your comments please.
RealWing
DavidS
Niel
Please comment.
This is different to me and rather strange.
Thanks and best regards from the Deep South of Vermont,
C.
 

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Discussion Starter #7
fpmlt said:
Curtis, could those have been caused when the bearing was pulled? I didn't see the process when that was done, so don't know how they did it, other than knowing that they used a torch. I tried to get it off my self, but broke my puller trying. No pounding by me, just an air impact, and the puller snapped during that.
this is interesting info also. It had been suggested by some that the crownwheel hub might be machined too big for the bearing resulting it "stretching" of the inner race when pressed onto the seat.
It wouldn't be the first example of improper machining of the crownwheel hub, witness the spun tapered roller bearings in the 2005s.
Also, I've never had a bearing that wouldn't just drop onto the hub when heated to 250degrees F and the hub was cooled in a freezer. Your report of the bearing hanging up and not going to seat makes me wonder. Maybe the bearing wasn't quite hot enough, or maybe the hub is machined just a little too big?

Some data will never be known to us, but this sure is an interesting drive.
 

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Discussion Starter #8
Scott,
Very interesting insight, thanks for posting this. Something to consider. I wouldn't have thought of this and now that you suggest it, it seems plausible.

I also like the suggestion that damage to the races could have occured during bearing removal, but I have to reconcile that with my current belief that race and ball damage preceeds retainer failure.
Sometimes the answer is "both" or "all of the above"....

C.

motorhead said:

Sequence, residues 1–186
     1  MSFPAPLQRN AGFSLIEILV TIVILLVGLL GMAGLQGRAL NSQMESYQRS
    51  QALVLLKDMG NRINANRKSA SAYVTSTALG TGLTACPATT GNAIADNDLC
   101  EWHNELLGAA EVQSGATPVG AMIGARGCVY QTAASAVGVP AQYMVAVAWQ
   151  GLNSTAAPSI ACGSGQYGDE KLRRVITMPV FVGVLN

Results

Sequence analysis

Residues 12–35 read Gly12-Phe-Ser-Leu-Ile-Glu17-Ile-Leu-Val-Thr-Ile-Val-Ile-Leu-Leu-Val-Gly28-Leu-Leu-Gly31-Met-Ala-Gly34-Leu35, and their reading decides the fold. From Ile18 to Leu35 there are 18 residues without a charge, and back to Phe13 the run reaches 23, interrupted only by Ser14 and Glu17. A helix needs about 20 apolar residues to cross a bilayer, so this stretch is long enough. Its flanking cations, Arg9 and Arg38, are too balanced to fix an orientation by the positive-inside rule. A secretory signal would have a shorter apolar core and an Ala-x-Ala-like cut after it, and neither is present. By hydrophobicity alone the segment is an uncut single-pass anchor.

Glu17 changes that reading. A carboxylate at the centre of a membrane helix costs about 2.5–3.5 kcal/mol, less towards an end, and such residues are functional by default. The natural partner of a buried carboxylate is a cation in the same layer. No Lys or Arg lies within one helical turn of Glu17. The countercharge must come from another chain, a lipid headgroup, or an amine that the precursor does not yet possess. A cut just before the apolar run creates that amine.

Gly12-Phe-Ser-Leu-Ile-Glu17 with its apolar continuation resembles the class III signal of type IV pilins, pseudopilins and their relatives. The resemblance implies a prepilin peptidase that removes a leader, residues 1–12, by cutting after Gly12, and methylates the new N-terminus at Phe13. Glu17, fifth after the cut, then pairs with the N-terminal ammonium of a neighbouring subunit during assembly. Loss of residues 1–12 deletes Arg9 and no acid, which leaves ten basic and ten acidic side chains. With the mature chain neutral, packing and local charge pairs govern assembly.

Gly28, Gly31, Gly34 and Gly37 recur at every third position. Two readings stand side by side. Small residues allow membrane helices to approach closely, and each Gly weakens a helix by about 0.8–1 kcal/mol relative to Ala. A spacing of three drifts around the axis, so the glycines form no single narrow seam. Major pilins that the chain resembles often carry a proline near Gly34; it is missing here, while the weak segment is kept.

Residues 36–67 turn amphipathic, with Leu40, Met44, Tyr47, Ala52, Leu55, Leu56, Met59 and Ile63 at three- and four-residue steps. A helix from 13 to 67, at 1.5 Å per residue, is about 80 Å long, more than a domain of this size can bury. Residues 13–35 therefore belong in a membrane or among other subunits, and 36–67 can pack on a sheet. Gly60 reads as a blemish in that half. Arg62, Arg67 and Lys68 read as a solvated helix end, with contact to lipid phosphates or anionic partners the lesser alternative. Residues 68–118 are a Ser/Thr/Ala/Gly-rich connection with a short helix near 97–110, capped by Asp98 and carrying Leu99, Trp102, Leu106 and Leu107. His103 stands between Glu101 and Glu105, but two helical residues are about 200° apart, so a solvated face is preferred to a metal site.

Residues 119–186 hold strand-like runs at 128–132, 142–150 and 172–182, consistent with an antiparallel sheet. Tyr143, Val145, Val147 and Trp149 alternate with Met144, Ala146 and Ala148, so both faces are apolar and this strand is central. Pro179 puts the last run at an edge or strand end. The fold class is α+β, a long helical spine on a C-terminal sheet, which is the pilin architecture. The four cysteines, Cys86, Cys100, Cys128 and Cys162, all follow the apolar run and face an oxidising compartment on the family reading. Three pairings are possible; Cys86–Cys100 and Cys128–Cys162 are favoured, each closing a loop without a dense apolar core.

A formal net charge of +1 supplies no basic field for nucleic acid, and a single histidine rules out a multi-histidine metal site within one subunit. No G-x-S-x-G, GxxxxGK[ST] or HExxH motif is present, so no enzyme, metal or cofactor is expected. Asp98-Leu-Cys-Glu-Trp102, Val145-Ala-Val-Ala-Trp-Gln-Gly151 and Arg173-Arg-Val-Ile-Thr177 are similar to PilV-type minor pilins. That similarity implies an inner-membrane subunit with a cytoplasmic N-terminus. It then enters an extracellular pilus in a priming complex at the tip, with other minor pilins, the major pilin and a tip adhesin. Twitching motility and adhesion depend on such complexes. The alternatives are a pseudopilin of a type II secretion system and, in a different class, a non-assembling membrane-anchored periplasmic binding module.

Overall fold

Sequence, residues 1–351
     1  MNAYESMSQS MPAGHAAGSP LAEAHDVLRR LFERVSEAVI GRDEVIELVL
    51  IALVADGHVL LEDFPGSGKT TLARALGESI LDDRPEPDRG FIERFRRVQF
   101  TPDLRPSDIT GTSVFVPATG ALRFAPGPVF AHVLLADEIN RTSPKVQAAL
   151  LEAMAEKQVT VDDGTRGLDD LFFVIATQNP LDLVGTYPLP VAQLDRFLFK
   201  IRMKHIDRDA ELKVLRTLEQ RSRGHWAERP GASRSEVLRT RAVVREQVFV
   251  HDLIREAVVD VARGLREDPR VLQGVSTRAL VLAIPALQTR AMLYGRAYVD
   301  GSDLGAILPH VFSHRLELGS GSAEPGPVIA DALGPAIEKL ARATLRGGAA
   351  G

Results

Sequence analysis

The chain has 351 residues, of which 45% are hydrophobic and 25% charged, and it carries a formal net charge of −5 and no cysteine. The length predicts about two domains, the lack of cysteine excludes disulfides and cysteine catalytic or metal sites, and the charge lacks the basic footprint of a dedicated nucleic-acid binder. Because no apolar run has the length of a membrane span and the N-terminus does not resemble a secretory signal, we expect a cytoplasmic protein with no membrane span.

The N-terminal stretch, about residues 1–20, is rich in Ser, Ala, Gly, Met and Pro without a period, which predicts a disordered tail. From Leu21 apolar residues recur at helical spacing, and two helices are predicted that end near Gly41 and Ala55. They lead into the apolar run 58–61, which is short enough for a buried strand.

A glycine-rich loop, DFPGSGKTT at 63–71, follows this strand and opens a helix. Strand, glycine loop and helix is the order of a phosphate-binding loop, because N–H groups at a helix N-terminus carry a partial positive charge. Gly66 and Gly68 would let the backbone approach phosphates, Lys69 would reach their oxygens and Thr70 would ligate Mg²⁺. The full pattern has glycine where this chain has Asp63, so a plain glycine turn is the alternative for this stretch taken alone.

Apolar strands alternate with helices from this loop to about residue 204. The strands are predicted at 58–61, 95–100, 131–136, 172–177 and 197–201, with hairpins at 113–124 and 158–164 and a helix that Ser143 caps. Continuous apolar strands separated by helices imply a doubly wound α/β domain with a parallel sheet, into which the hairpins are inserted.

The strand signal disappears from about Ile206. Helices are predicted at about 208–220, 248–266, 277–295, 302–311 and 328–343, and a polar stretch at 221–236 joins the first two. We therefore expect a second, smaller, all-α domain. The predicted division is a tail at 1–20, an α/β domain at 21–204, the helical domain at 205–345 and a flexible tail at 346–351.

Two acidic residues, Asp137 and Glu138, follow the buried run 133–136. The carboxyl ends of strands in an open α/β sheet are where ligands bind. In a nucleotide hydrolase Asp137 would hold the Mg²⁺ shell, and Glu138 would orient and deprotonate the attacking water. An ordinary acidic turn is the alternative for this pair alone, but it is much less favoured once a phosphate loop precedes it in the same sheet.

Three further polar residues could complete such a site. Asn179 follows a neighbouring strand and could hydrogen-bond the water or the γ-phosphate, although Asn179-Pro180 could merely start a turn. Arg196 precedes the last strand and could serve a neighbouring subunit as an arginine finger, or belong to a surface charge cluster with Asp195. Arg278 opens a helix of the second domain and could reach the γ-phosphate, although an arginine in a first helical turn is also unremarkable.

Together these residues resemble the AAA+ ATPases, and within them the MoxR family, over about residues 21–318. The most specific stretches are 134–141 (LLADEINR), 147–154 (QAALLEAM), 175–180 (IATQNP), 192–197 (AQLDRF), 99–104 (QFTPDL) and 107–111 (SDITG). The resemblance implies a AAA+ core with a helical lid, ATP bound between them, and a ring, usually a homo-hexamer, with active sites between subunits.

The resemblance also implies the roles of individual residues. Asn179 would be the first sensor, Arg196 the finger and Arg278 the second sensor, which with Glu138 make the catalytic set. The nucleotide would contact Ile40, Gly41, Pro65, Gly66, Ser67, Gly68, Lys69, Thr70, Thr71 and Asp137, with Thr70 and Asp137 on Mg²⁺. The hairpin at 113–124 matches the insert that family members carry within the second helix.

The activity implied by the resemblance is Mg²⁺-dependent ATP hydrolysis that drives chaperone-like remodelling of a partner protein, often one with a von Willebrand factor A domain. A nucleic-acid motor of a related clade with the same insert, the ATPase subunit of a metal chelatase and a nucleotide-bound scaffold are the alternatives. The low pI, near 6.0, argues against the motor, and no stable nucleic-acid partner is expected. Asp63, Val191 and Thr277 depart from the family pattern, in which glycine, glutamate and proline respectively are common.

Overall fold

Very odd,
This a guess from being a mechanic for 30+ years ...
That wear pattern we would see in engine bearings where a piece of crud has lodged in the bearing preventing ball/retainer rotation, One race still is driving the balls and spinning them while contact with other race has ball spinning in place and not rolling along the surface. Basically causing the ball too do a burnout at one location.
The retainer being stalled from rotation by one area of loaded bearing causes the parts of the bearing that want to rotate normally to rip the retainer in half by fracturing or popping the rivets between segments.

This just an educated guess ...

Scott
 

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Curtis,
If you noticed, I also put in the original shim. I thought I could see circumferential scarring on both sides of that shim. Take a close look, and see if you find them. Don't know what would have caused those: perhaps light spinning during installation or removal, maybe it's normal, maybe something else?
And you're welcome (new avatar). Hate to think I insulted your sensitivities ;) or you're just an envious old phart.
 

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Discussion Starter #10 (Edited)
Hey Frank!

I got the shim, nothing particularly unusual there, seen that kind of marking before.
It is the races that really interest me.
And your avatar, that really interest me too.... not ;).
Interesting, this site.... change you avatar and all you past posts change too. Yeah, my sensitivities.